Honesty is the Best Policy When Addressing Death with Children
The death of a loved one can be a painful experience for anyone, but for a child, it can be especially difficult. It’s important that adults provide an environment that promotes healing. The National Funeral Directors Association (NFDA) offers suggestions on how to help children cope with loss.
It may be difficult to inform a child about the death of a loved one, but honesty is the best policy. Avoid using euphemisms, such as “Grandma is sleeping” or “Uncle John went on a long trip.” For young children, be straightforward and use simple phrases, such as “…the person’s body has stopped working and won’t work anymore.” For older children, more details may be appropriate.
Many often wonder whether children should attend funerals. Experts agree that it is healthy for children to attend the funerals of their loved ones. Prior to the funeral, parents should discuss with their child what will happen at the visitation, funeral or memorial service. Be honest and clear – children take things literally, so avoid being vague in your descriptions.
If a child feels comfortable, they may wish to play a role in the funeral service. Let them read a poem or letter, or sing or play a song during the service. Funeral directors can find ways for the child to participate in the service.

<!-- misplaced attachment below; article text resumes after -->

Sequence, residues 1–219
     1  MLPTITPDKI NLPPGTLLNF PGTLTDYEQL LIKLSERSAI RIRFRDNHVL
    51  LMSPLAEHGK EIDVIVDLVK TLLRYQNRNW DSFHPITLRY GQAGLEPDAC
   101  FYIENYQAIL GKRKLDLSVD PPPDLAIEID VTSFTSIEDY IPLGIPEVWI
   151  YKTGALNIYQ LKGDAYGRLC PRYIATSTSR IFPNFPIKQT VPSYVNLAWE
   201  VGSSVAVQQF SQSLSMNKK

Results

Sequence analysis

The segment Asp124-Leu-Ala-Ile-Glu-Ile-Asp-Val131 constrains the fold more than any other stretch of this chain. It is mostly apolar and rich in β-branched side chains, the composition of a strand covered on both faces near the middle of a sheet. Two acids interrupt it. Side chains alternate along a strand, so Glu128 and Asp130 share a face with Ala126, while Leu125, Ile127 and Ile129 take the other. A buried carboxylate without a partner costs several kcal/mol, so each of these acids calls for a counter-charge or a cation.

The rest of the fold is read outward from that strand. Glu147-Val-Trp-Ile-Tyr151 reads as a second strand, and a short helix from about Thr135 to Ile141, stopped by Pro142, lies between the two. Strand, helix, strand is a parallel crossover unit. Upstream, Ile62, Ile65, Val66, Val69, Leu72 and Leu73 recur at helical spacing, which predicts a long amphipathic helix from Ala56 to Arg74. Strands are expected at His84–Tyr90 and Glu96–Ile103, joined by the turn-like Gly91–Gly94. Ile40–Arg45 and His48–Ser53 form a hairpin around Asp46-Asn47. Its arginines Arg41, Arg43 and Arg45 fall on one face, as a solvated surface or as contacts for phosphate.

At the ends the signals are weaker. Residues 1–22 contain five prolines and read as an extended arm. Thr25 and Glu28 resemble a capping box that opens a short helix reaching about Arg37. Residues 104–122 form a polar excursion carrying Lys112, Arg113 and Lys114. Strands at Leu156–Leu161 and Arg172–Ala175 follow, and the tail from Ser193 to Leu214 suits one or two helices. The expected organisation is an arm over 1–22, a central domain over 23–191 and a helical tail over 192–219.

Just like adults, death is something a child will not just “get over.” In addition to having a confidant who provides continuous love and assurance, there are other ways adults can help children cope with grief.
Be a role model: Children often imitate what they see. They will look to their parents or other significant adults for cues about grieving. It’s important for children to know it’s okay to express their emotions following the death of a loved one.
More Tips For Helping Children Deal With Grief:
Find peer support: For many people, identifying with peers who are going through a similar experience can be uplifting. The camaraderie of a grief support group can be a powerful healing tool.
Incorporate ritual: Whether it’s lighting a candle, helping scatter cremated remains or taking part in an activity that was special to the deceased, rituals can help a child focus on the memory of their loved one.
Use the arts: It may be difficult for children to verbalize their feelings; the arts can be an outlet for expressing grief. Writing, painting, poetry, music and crafts can help children express what they are experiencing.
Continue reading “Children & Grief: Coping With A Death” »